The belief that replacing natural gas heating with electric heat or heat pumps in millions of homes will be cheap and easy is delusional. As usual, a report by an environmental group says the energy gas to electric transition will save money, be cheap, be easy and just requires some unspecified government incentives, subsidies, which always come from taxpayers and rate payer’s pockets.
New Jersey can follow the framework set by fellow Northeast states to successfully, quickly and affordably switch to an electric future.’’
The first critical question what is the accuracy of previous Arcadia reports? Did they make specific predictions that were measured and actually occurred? Where are the examples in to verify this statement? Provide the examples.
For instance, Massachusetts offers incentives ranging from $4,000 to $10,000 to convert to cold-climate heat pumps, Boyd said.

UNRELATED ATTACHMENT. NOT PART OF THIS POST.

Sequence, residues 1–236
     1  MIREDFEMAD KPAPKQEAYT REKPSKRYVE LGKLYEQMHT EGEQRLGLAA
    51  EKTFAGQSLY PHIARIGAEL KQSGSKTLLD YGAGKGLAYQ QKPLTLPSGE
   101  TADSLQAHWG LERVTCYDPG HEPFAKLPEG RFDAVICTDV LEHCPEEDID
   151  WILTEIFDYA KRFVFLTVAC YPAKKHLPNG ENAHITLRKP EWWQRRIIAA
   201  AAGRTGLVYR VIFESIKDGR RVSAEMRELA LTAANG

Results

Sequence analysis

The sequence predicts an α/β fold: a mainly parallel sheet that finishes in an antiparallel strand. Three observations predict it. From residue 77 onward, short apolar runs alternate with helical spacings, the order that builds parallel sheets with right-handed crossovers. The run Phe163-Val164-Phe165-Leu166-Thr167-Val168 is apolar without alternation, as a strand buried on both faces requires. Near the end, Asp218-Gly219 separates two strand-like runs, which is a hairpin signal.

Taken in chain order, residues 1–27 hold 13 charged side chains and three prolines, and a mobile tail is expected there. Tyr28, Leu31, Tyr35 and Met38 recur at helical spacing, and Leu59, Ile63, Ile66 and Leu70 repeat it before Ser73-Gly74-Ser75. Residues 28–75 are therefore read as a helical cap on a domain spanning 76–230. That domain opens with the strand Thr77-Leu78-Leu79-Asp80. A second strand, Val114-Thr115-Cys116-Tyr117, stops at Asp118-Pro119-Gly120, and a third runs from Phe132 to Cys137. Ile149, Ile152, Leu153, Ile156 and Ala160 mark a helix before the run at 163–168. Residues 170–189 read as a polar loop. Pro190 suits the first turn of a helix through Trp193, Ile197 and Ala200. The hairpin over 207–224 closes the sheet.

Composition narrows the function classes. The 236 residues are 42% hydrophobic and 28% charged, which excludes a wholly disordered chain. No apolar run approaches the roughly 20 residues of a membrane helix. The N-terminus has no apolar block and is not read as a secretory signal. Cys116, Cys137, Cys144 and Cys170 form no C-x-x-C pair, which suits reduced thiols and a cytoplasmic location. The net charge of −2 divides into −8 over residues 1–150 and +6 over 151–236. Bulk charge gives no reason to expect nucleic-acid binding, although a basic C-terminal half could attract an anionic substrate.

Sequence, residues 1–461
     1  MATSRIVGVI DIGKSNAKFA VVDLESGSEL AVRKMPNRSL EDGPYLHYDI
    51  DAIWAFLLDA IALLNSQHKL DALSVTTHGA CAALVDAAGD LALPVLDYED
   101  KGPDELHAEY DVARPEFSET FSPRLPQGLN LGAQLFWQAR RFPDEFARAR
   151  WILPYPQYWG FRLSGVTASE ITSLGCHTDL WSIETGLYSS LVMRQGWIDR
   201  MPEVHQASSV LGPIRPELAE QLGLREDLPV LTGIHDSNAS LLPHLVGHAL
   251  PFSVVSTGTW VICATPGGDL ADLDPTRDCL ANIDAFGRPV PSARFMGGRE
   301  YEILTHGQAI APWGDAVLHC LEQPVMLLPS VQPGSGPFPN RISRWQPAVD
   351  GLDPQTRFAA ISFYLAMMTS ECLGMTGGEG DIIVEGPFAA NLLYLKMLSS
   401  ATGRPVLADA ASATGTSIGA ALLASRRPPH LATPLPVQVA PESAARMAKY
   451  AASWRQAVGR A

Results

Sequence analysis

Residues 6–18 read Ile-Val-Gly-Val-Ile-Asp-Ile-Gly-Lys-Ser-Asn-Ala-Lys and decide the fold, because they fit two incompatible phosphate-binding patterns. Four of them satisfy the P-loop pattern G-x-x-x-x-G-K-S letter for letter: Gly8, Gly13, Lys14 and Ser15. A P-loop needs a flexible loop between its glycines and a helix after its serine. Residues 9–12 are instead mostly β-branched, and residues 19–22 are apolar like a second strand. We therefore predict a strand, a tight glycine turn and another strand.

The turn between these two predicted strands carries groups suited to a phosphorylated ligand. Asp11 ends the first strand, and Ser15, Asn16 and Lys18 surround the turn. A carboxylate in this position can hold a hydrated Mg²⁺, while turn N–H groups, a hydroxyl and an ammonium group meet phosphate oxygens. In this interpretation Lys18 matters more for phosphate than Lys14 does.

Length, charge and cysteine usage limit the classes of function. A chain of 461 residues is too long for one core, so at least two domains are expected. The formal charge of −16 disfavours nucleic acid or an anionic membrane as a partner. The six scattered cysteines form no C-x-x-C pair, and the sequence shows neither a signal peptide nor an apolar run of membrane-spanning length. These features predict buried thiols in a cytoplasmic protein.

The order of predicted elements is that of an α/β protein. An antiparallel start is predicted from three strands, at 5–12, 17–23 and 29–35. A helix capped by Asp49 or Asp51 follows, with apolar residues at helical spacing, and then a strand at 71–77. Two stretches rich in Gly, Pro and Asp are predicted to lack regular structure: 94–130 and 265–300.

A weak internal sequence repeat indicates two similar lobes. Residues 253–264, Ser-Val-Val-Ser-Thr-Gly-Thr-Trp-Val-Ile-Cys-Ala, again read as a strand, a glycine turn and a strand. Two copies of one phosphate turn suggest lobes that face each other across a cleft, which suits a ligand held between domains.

How many people accepted incentives and how successful were the transitions? According to the Fuel Oil industry the costs were much higher (1) .
How soon should this transformation be done?
The state’s Energy Master Plan recommends converting 22% of buildings to electric heat pumps by 2030, a target that proponents say is not aggressive enough to achieve the state’s clean-energy goal.
There are 3.2 million housing units in the state and 75% or 2.4 million are heated with natural gas. To convert 22% of these means 528,000 must be converted by 2030 which is 7.75 years from now. This means 187 houses per day must be converted every day from now until 2030.
How will this be done?
New Jersey needs to start developing the policies and incentives to advance building electrification in a way that benefits consumers, supports low- and moderate-income communities, and reduces harmful indoor emissions,’
No details describing the engineering, wiring, materials, manpower or schedules required are provided. This transition is only a wish. Simply, the advocates have no idea how to do this transition.
Have the politicians, environmental organization leaders and members converted their homes to electric heat? If not, why not? They should lead by example, not by demand.
What is the required increase in electricity production necessary to heat 2.4 million homes and how will this be provided?
If the transition is done what will be the measurable decrease in sea level rise and decrease in storm numbers and intensity?
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Seth Grossman, Executive Director